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讲座预告:Colin Thirtle:An Econometric Approach to Ozone Pollution


时间:2018年4月12日(周四) 11:00



The Impact of Tropospheric Ozone Pollution on Trial Plot Winter Wheat Yields on Great Britain - An Econometric Approach


Colin Thirtle

Colin Thirtle is Emeritus Professor of Agricultural Development Economics in the Centre for Environmental Policy, Imperial College London. He also has appointments as Extraordinary Professor at the University of Pretoria and the University of Stellenbosch. 

His undergraduate degree is from the London School of Economics and he has post-graduate degrees from Southern Illinois University and Columbia University, where he taught before moving on to San Francisco and Manchester.  He has published several books including The Role of Supply and Demand in the Generation and Diffusion of Technical Change (with Vernon Ruttan), Productivity, Efficiency and Land Markets in South African Agriculture (with Johan van Zyl), South African Agriculture at the Crossroads: An Empirical Analysis of Efficiency, Technology and Productivity (with Johan van Zyl and Nick Vink) and over one hundred journal articles on agricultural R&D, technology and productivity.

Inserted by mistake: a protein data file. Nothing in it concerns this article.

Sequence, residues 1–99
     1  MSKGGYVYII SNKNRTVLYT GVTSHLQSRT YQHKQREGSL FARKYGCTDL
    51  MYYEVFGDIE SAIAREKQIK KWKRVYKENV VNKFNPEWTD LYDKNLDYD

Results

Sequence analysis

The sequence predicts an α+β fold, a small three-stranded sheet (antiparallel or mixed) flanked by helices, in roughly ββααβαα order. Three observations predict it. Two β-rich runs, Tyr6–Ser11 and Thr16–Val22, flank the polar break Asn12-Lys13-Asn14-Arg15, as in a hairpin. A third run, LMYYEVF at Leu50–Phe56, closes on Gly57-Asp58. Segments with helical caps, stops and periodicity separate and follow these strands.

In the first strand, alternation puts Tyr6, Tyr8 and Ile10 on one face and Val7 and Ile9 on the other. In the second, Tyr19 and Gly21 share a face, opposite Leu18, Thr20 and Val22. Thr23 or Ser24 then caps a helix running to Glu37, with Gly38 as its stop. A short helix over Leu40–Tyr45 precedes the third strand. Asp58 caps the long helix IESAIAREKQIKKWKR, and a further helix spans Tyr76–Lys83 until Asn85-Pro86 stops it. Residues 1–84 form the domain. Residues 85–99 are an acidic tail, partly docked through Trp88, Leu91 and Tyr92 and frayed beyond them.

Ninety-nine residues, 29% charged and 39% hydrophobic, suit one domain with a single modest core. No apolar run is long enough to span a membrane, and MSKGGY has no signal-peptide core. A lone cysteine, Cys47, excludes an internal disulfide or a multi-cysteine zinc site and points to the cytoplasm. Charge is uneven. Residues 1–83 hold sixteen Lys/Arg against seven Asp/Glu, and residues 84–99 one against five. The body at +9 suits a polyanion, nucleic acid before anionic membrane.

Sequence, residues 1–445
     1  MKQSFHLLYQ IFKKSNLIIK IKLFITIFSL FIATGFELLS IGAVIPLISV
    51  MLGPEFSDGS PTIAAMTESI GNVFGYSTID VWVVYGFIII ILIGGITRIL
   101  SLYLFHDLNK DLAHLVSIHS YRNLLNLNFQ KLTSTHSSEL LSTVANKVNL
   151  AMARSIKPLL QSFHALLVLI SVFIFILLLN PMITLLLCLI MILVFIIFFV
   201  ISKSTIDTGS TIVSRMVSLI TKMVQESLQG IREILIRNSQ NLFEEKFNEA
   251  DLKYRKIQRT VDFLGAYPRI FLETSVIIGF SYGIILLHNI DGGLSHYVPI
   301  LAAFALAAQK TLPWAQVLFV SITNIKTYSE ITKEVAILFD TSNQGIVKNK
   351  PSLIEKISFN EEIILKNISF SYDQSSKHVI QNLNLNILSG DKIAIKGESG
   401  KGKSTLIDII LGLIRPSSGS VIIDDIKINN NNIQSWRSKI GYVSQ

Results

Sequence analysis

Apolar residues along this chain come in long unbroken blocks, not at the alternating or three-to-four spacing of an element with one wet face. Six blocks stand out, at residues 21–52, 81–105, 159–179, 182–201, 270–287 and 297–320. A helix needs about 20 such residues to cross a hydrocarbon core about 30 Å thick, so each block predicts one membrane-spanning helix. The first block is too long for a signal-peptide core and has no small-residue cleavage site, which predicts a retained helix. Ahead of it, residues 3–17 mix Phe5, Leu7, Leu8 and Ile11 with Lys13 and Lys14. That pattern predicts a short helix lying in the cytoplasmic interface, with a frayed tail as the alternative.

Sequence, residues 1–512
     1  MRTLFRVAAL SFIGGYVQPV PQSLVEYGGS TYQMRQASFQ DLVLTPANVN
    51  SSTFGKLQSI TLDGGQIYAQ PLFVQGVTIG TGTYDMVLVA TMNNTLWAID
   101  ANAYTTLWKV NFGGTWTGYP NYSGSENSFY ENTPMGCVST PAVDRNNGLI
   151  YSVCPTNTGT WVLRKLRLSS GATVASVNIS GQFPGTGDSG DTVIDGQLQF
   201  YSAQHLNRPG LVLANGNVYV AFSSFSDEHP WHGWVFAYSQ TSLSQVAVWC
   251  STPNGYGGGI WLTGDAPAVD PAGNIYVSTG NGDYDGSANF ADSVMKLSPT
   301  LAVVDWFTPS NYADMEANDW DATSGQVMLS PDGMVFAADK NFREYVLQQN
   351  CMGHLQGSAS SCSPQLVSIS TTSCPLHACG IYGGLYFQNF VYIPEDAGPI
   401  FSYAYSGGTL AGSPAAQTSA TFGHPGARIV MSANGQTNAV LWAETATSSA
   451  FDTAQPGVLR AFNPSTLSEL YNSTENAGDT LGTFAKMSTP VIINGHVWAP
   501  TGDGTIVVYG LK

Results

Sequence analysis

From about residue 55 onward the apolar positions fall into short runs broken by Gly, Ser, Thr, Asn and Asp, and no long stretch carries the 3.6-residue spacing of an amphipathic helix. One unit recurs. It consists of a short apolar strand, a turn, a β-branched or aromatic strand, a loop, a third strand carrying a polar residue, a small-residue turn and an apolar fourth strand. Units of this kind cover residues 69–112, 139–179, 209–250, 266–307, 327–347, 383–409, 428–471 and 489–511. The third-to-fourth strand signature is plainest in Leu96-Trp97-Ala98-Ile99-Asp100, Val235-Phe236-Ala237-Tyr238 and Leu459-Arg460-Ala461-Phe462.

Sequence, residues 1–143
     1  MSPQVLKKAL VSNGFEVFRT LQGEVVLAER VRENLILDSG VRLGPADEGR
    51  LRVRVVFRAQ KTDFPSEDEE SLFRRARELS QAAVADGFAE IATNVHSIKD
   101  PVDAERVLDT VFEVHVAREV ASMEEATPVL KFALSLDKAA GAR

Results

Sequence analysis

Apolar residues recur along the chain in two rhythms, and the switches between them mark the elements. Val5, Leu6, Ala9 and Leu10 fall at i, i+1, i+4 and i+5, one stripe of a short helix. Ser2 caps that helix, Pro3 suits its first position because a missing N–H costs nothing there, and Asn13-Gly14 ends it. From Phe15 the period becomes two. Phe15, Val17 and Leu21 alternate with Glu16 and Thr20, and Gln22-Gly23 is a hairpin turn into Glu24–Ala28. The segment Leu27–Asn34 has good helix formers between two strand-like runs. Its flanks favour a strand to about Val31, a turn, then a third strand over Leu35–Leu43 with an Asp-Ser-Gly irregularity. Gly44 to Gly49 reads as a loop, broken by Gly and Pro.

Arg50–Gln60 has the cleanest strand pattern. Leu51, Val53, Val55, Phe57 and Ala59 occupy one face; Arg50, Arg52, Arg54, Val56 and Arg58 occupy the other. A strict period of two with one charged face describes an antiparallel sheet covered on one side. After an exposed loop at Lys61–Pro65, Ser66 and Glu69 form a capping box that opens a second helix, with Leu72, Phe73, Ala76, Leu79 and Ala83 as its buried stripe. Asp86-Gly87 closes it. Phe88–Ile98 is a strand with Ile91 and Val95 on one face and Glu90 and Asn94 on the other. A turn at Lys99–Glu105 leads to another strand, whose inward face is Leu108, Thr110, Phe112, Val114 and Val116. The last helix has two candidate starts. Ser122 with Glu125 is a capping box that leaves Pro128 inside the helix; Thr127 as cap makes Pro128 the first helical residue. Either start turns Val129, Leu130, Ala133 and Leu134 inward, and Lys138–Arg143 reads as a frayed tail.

Research Interests:  The allocation of resources in R&D systems and the generation of technologies; rates of return to R&D expenditures; the efficiency and productivity effects of innovations; induced innovation and the diffusion of technology; environmental effects; GM crops; biodiversity.


Low level ozone pollution is thought to be a cause of yield loss in cereal crops, especially in rapidly industrialising countries such as China and India.  Numerous scientific experiments have demonstrated reductions in the yields of cereal crops due to tropospheric O3, with losses of up to 25%. However, the only British econometric study on O3 impacts on winter wheat yields, found that a 10% increase in AOT40 would decrease yields by only 0.23%.  An attempt is made here to reconcile these observations by developing AOT40 maps for Great Britain and matching levels with a large number of standardised trial plot wheat yields from many sites over a 13 year period. Panel estimates (repeated measures on the same plots with time) show a 0.54% decrease in yields and it is hypothesised that plant breeders may have inadvertently selected for O3 tolerance in wheat. Some support for this is provided by fumigations of cultivars of differing introduction dates. A case is made for the use of econometric as well as experimental studies in prediction of air pollution induced crop loss.